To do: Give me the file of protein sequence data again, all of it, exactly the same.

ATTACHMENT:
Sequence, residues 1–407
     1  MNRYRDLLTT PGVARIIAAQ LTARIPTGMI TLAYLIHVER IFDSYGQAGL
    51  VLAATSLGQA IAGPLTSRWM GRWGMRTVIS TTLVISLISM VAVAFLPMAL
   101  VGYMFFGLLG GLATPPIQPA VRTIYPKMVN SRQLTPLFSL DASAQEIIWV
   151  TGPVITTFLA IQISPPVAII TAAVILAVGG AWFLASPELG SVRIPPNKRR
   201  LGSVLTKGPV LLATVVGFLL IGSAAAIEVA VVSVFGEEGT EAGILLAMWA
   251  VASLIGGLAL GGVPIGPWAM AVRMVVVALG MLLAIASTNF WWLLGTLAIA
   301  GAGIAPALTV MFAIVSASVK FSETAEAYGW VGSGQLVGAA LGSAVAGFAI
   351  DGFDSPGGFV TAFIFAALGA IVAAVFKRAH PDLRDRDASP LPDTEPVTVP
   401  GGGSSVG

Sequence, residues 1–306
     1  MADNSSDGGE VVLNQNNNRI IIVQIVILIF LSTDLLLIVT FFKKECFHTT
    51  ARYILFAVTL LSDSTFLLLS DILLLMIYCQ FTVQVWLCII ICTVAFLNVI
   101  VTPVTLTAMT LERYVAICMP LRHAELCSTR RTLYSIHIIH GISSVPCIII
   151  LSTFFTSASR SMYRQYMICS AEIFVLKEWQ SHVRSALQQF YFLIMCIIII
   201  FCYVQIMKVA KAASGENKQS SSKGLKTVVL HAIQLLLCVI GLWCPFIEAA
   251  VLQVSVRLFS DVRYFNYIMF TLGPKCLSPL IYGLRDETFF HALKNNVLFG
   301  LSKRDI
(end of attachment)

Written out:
Sequence, residues 1–407
     1  MNRYRDLLTT PGVARIIAAQ LTARIPTGMI TLAYLIHVER IFDSYGQAGL
    51  VLAATSLGQA IAGPLTSRWM GRWGMRTVIS TTLVISLISM VAVAFLPMAL
   101  VGYMFFGLLG GLATPPIQPA VRTIYPKMVN SRQLTPLFSL DASAQEIIWV
   151  TGPVITTFLA IQISPPVAII TAAVILAVGG AWFLASPELG SVRIPPNKRR
   201  LGSVLTKGPV LLATVVGFLL IGSAAAIEVA VVSVFGEEGT EAGILLAMWA
   251  VASLIGGLAL GGVPIGPWAM AVRMVVVALG MLLAIASTNF WWLLGTLAIA
   301  GAGIAPALTV MFAIVSASVK FSETAEAYGW VGSGQLVGAA LGSAVAGFAI
   351  DGFDSPGGFV TAFIFAALGA IVAAVFKRAH PDLRDRDASP LPDTEPVTVP
   401  GGGSSVG

Sequence, residues 1–306
     1  MADNSSDGGE VVLNQNNNRI IIVQIVILIF LSTDLLLIVT FFKKECFHTT
    51  ARYILFAVTL LSDSTFLLLS DILLLMIYCQ FTVQVWLCII ICTVAFLNVI
   101  VTPVTLTAMT LERYVAICMP LRHAELCSTR RTLYSIHIIH GISSVPCIII
   151  LSTFFTSASR SMYRQYMICS AEIFVLKEWQ SHVRSALQQF YFLIMCIIII
   201  FCYVQIMKVA KAASGENKQS SSKGLKTVVL HAIQLLLCVI GLWCPFIEAA
   251  VLQVSVRLFS DVRYFNYIMF TLGPKCLSPL IYGLRDETFF HALKNNVLFG
   301  LSKRDI